So, though active without, tramping the villages to speak of Jesus, up in the early morning for a couple of hours with God and the Scriptures, within I was unhappy. I began to think that I had been happier before I gave my life to Christ than after. I was bound by self-consciousness, inner strain, disturbed relation-ships.
I was passing through what I since learned is a stage we all have to pass through when we are miserable Christians and, as I did, think we were happier in the old life than in the new! Sometimes it has been called “the dark night of the soul,” “the wilderness experience,” “the dry and thirsty land where no water is,” with much more self-consciousness than God-consciousness, more self-concern than concern for the needs of those for whom I had come to Congo.
But, unknown to me, my real trouble lay in another direction. I had the illusory idea that I needed to become something better than I was: I must be a better representative of Jesus Christ, and so forth. I was looking for personal improvement and some further spiritual equipment which would set me on my feet. God and the Spirit were then to be my helpers.
I sought God and searched the Scriptures, as any earnest Christian would do. Surely there in the Bible the answer was to be found, for it talked of love and faith and power and freedom. But the answer I got was in very different terms. It was a confrontation, not this time with the law saying to me, “You ought,” but with God turning my attention from myself to Himself by saying to me, “I am.” The way it came to me was in that statement I have so often quoted, “God is love.” But the emphasis was on the little word “is.” It struck me that I had been seeking a God who would say to me, “I have and will give to you.” But instead, He was merely saying, “I am,” and not “I have.” It was as if He were saying to me, “You’ve got it wrong. You thought love was something I had and could therefore share with you. But love is not a thing at all. I am love.”
Then I saw that the only self-giving love in the universe is a Person, not a thing. Therefore, it is not something He could share with me, but it is Himself, and He can’t take parts of Himself and give to me. He can only be Himself. It was my first sight of an exclusive God, the One Person in the universe, who gives nothing but is everything, and, therefore, His only giving is to give Himself and just be Himself wherever He does give Himself.
The Paradigm Shift
How then do I have my needs supplied, if God has nothing to give me, but in each instance I find that He is (not has) the power, He is (not has) the life; until finally I read that “Christ is (not has) all, and in all”? That last phrase gave me my key. I saw that my mistake was the idea that He would give me things, and that I would thus become something. Now I saw that we humans do not exist to become something, but to contain Someone. This was a totally different concept, and was the end of my great human illusion that I must be this or become that, centering my attention on what I am or ought to be, and equally depressing me with the recognition of my failing to be all this.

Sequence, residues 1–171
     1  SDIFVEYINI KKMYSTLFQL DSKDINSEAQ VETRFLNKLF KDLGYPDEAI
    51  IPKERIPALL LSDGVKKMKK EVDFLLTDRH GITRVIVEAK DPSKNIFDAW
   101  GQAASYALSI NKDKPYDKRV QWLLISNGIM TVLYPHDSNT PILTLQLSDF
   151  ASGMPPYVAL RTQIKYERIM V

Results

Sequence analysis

Now I saw that I am to cease to look for improve-ments in myself, or to center my attention around what I feel or don’t feel, whether I am this or have that, why I fail in this or am defeated by that–the whole outlook on life which fixes my attention on myself and my reactions or my adequacies or inadequacies.
The most illuminating illustration I found in the Bible was the several times we are called vessels, because a vessel, a cup, a vase, a can, is strictly limited to one function only. It only exists to be a container. It can be nothing else: and here was this simple though humbling illustration of my relation as a human to God. I only exist to contain Him. A vessel does not become the liquid it holds; they are separate, unmixable entities: so I as a human do not become the power or love or wisdom of God; I merely contain Him who is all these, and everything. How clearly I saw that: we humans are not created to become something, but to contain Someone–but that someone is the living God, and, therefore, the All.
This transferred my attention from worrying about myself as the vessel not being this, or being that. Leave myself alone. I am just the container. In place of this, I had it clearly that I was containing a totally exclusive Person who gives nothing, but is all; and I don’t contain Him in a relationship in which He imparts various gifts and graces to me, but I am just a means by which He can be Himself in a human container. This means that my main function in life changes from activity to receptivity. Activity centers round how I can be this or do that, around my human self. Receptivity is occupied with receiving or recognizing what I contain–the only function of a vessel.
We Just Receive
I saw how all life is in this same relationship to God. Vegetation exists by what it receives–sunlight and rain. What it receives it utilizes, but it must receive first, then activity is a by-product of receptivity. All science is application, not creation. Scientists discover what is, and then apply it. We humans have lost our way because we are blinded to the fact of being containers of God, and have substituted our self activity. We have to return to the roots: and it is not even really receptivity, but recognition, for having already received Him, we form the continuous habit of recognizing that we do contain Him. Life at its base becomes a repetition of recognition. What more amazing realization can there be than that we humans contain God?
This is why Jesus stated that rest is the evidence of a life in gear. He said to us His followers, “Take my yoke upon you . . . and you will find rest unto your souls; for my yoke is easy and my burden light.” An obvious contradiction in terms. Life is activity–the yoke is pulling the plow: but how can a plow be easy to pull or a burden light to carry? The answer is the difference between activity from inadequacy which is strain, and activity from adequacy which is rest. If we are pulling the plow of our life’s problems, relying on our own resources, that is strain, for we haven’t got what it takes to meet them. If, in our pressures, we turn inwardly as containers to Him who is the all within, and boldly reckon on Him to handle things, then it is rest in the midst of the activities–the habit of recognition.